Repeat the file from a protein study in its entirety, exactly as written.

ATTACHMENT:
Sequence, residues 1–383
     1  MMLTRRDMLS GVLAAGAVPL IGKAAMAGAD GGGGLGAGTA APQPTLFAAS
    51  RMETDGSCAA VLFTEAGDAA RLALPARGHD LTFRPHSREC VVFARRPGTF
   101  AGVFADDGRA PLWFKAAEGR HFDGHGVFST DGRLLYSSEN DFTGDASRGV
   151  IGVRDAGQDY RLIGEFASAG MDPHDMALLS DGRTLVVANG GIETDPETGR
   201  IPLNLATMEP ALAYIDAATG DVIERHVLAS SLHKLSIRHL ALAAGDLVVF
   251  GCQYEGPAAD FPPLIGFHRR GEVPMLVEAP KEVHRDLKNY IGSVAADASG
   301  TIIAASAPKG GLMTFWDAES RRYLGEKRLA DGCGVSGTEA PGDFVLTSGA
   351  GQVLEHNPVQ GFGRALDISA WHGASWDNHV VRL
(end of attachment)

Sequence, residues 1–383
     1  MMLTRRDMLS GVLAAGAVPL IGKAAMAGAD GGGGLGAGTA APQPTLFAAS
    51  RMETDGSCAA VLFTEAGDAA RLALPARGHD LTFRPHSREC VVFARRPGTF
   101  AGVFADDGRA PLWFKAAEGR HFDGHGVFST DGRLLYSSEN DFTGDASRGV
   151  IGVRDAGQDY RLIGEFASAG MDPHDMALLS DGRTLVVANG GIETDPETGR
   201  IPLNLATMEP ALAYIDAATG DVIERHVLAS SLHKLSIRHL ALAAGDLVVF
   251  GCQYEGPAAD FPPLIGFHRR GEVPMLVEAP KEVHRDLKNY IGSVAADASG
   301  TIIAASAPKG GLMTFWDAES RRYLGEKRLA DGCGVSGTEA PGDFVLTSGA
   351  GQVLEHNPVQ GFGRALDISA WHGASWDNHV VRL